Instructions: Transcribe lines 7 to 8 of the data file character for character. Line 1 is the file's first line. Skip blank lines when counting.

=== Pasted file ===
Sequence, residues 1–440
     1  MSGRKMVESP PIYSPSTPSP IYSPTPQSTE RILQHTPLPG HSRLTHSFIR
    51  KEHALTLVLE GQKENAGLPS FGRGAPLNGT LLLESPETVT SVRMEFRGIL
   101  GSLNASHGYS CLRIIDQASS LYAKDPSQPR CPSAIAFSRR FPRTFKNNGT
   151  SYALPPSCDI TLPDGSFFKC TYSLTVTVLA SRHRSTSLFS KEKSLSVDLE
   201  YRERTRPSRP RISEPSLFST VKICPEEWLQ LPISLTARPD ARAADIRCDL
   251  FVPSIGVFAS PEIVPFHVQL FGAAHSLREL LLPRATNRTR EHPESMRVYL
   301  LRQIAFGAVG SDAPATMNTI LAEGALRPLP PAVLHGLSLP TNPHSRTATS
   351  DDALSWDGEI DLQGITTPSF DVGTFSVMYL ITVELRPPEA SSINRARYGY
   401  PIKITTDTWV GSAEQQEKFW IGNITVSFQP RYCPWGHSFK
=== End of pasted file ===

   251  FVPSIGVFAS PEIVPFHVQL FGAAHSLREL LLPRATNRTR EHPESMRVYL
   301  LRQIAFGAVG SDAPATMNTI LAEGALRPLP PAVLHGLSLP TNPHSRTATS